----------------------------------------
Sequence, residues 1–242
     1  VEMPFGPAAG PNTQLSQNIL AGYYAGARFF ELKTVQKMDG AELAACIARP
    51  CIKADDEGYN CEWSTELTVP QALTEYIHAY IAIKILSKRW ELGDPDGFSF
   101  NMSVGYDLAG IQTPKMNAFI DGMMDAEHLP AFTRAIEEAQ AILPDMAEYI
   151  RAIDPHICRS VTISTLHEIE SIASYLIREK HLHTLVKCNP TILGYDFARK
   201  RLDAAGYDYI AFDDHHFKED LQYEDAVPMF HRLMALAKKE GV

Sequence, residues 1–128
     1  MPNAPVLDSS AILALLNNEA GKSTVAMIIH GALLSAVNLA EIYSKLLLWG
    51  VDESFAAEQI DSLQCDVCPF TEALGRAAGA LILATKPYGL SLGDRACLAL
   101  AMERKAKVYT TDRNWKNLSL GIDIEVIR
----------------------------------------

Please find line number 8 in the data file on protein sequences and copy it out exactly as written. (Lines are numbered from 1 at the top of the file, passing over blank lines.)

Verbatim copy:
     1  MPNAPVLDSS AILALLNNEA GKSTVAMIIH GALLSAVNLA EIYSKLLLWG